Climbers pursue Everest on 50th anniversary of Hillary's feat

Posted: Thursday, May 22, 2003

KATMANDU, Nepal Wind storms forced more than 100 climbers to retreat from the south face of Mount Everest on Wednesday amid celebrations marking the 50th anniversary of the first Everest conquest.

But 13 Chinese, South Korean and American mountaineers on the northern side reached the summit of the world's highest mountain including a man from Spokane, Wash., and his 20-year-old son, believed to be the youngest American to succeed.

A record number of people are trying to scale the Himalayan peak this month to honor the historic climb of Sir Edmund Hillary of New Zealand and Tenzing Norgay, a Nepalese guide.

Mountaineers are gathering in the Nepalese capital next week for the event, including Hillary and Junko Tabei, who in 1975 became the first woman to reach the summit. Tenzing Norgay died in 1986.

Meeting with Indian mountaineers in New Delhi, Hillary described how he wriggled to the top of a 36-foot rock wall and stepped onto the snow-blanketed ridge on May 29, 1953.

''I realized we were on top of Mount Everest and the whole world was spread out below us,'' the 83-year-old Hillary said Wednesday. ''After 50 years I can remember the feeling of satisfaction.''

More than 1,200 climbers have reached the summit since, and at least 175 have died trying.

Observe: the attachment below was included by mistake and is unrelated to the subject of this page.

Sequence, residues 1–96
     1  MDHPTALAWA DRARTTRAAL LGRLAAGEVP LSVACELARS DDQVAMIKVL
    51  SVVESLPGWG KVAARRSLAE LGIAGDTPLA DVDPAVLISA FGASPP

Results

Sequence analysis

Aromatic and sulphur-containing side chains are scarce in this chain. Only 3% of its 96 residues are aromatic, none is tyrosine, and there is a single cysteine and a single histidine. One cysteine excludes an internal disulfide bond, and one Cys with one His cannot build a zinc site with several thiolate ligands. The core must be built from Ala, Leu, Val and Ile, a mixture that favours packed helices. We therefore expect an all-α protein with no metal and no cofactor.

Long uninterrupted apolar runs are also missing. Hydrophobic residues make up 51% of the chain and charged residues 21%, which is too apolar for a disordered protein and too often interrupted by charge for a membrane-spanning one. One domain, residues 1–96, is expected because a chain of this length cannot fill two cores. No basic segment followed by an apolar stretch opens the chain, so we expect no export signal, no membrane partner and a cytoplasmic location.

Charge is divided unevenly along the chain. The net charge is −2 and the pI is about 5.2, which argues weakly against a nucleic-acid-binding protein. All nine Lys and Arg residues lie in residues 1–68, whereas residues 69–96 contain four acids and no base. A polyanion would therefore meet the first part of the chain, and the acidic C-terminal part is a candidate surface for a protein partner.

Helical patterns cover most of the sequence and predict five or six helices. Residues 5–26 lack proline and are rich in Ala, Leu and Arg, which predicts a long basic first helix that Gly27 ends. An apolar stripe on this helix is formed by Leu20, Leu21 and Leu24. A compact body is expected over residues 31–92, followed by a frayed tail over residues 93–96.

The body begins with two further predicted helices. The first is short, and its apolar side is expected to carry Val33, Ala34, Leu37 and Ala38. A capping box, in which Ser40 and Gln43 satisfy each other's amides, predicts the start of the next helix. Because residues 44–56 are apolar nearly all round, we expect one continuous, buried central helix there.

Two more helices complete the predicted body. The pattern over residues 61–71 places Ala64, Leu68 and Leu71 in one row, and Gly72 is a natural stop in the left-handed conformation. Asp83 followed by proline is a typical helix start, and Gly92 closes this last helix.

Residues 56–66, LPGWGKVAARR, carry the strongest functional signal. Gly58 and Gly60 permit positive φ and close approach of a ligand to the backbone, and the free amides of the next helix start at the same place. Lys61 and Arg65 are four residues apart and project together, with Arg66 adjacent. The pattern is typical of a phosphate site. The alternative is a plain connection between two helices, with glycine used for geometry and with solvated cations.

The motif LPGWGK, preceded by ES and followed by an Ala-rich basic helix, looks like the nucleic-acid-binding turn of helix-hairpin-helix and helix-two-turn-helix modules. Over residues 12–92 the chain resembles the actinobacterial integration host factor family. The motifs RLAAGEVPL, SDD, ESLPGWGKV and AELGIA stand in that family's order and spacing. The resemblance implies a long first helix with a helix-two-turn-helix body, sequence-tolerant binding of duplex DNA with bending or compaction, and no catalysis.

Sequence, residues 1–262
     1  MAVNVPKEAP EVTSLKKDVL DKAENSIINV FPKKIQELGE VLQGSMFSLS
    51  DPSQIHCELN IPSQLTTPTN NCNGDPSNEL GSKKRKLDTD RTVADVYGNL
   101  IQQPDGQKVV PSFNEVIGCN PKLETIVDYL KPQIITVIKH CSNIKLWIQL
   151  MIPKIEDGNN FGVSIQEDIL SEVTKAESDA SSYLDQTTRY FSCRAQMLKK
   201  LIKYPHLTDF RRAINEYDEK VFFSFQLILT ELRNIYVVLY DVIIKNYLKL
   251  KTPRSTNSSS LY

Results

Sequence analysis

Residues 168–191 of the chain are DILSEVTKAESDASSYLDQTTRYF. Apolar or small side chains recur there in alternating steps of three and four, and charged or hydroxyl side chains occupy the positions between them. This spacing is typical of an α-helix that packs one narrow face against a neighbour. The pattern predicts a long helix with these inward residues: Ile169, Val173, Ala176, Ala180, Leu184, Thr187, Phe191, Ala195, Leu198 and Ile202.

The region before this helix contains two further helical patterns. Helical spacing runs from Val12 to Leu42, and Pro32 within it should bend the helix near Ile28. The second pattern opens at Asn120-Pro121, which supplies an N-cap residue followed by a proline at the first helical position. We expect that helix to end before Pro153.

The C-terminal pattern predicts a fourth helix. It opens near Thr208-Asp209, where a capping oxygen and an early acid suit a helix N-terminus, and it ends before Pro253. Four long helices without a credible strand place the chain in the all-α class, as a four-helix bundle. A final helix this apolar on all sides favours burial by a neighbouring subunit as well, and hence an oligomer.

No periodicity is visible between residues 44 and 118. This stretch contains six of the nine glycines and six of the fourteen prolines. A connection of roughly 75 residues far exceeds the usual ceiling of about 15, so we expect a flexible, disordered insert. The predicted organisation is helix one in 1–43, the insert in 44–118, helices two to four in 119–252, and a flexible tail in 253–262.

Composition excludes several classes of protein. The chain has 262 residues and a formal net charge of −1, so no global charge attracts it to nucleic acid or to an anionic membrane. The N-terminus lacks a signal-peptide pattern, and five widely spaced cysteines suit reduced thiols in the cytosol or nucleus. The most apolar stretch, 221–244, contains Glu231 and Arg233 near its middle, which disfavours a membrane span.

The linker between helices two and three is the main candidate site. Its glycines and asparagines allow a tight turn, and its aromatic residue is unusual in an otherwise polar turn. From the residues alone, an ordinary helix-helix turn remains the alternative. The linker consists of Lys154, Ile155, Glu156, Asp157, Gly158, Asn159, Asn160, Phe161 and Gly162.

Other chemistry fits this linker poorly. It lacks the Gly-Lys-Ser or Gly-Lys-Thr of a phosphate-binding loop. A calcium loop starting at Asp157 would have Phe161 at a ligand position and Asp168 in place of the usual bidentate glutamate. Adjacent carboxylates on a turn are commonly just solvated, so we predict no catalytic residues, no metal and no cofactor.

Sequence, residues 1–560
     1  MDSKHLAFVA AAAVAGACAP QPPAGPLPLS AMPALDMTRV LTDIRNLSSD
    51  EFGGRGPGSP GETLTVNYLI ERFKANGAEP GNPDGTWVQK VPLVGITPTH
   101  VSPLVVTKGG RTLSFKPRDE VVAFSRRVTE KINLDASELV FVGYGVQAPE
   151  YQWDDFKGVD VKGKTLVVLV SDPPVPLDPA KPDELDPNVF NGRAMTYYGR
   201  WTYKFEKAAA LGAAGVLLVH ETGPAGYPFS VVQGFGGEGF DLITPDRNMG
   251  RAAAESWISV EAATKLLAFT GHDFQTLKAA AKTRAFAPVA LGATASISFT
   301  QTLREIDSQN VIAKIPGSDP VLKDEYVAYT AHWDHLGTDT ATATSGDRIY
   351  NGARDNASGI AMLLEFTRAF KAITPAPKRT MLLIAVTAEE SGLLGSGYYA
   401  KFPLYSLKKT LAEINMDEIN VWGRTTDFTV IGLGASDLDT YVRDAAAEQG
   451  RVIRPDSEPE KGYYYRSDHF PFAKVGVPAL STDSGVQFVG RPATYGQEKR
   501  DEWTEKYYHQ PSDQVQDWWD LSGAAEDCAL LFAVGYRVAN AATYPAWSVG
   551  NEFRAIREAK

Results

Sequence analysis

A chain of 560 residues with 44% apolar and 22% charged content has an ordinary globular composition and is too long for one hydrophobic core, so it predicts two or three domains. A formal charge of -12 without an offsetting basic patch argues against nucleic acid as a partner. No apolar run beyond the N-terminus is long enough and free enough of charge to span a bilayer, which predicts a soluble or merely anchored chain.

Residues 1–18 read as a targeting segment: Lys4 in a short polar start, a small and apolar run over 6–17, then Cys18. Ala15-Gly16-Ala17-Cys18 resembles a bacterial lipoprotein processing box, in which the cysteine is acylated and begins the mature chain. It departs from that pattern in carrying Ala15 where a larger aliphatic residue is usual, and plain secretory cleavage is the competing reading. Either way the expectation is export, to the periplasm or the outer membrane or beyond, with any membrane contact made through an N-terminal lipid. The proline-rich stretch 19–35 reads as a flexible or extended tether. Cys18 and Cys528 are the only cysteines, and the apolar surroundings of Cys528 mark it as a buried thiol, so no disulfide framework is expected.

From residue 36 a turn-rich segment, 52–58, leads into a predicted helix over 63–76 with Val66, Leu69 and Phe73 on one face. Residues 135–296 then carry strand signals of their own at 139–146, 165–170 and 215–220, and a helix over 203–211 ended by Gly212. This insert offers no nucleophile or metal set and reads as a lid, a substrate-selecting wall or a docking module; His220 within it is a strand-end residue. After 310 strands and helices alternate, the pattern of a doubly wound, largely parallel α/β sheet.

With only a few days left in the climbing season, the thwarted mountaineers, on the Nepalese side, had hoped to reach the 29,035-foot-high summit after several days of better weather.

Increasingly strong winds and rain forced them to return to the highest camp, at 26,240 feet.

The weather has been mostly unfavorable on Everest this year. Climbers have lost tents, equipment and supplies in wind storms, which have forced many to retreat to base camp at 17,400 feet.

The Nepalese government has issued climbing permits to 22 expedition teams for the March to May season, each with about 12 members plus Sherpas who help carry gear up the icy slopes.

Climbers on the northern side of the mountain in Tibet fought snow and high winds during the final stretch to the top.

John Roskelley and his son, Jess, a mountain guide and University of Montana student, reported their success in a satellite telephone call to Dan McConnell, a Seattle spokesman for their climb.

''Being able to do it together was a dream for both of them,'' McConnell said.

Nepalese mountaineering officials can remember no American younger than 20 reaching the summit, though they do not keep official records.

Five Chinese mountaineers also reached the summit.

Eight Chinese and three South Korean climbers also reached the summit, China's official Xinhua News Agency reported.

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